When Adrienne Edens became chief information officer at St. Luke's Health System, a four-hospital organization based in Boise, Idaho, one of her first tasks was the creation of a business intelligence strategy. "We had none," she recalls. "We had a decision support system with patient accounting that produced reactive, retrospective reports." Not only that, the very nature of the organization was changing, as St. Luke's began acquiring physician practices. "It was a whole new business area, and we had very little information about it."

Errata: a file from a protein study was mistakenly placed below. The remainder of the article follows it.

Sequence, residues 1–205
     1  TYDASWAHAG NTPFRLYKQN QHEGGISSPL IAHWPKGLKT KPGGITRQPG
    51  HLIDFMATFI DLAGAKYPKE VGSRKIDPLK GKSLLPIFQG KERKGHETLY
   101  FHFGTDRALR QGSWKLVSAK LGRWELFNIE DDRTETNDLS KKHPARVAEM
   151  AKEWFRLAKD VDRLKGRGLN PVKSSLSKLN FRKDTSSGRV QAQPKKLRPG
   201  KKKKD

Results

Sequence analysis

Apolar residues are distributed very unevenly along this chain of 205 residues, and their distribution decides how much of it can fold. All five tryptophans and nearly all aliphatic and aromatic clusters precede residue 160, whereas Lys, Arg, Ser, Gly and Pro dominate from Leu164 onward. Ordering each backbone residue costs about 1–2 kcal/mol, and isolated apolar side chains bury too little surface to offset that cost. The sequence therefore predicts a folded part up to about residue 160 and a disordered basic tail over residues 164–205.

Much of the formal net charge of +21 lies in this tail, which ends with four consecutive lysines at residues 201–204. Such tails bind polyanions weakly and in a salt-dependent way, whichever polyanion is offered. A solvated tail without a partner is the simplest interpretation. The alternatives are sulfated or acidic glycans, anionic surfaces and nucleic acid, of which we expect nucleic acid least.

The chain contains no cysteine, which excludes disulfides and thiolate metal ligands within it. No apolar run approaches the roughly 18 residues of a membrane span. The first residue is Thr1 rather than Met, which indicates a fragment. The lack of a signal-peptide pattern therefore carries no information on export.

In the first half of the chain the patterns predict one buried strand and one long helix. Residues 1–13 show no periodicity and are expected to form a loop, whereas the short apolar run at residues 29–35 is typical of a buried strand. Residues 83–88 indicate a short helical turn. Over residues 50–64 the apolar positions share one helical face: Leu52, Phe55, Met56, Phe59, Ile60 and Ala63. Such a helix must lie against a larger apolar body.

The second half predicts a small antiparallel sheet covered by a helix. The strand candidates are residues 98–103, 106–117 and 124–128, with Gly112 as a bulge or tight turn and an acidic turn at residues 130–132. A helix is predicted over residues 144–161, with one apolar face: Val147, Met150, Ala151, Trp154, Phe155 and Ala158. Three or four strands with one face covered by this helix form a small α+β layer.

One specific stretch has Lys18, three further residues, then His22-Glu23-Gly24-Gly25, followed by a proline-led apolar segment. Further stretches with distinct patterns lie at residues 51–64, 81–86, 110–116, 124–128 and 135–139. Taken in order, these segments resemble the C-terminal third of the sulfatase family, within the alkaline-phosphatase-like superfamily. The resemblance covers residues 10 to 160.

Like many hospitals, St. Luke's has a multitude of EHRs in place, 11 according to Edens' count. These encompass four ambulatory EHRs, two systems for the acute care hospitals, plus a variety of systems used in niche areas, such as the ED or perinatal departments. And with a growing number of employed physicians (300 as of mid-summer), the health system is looking to understand what services the physicians use in such areas as heart and vascular, oncology, and pediatric services.

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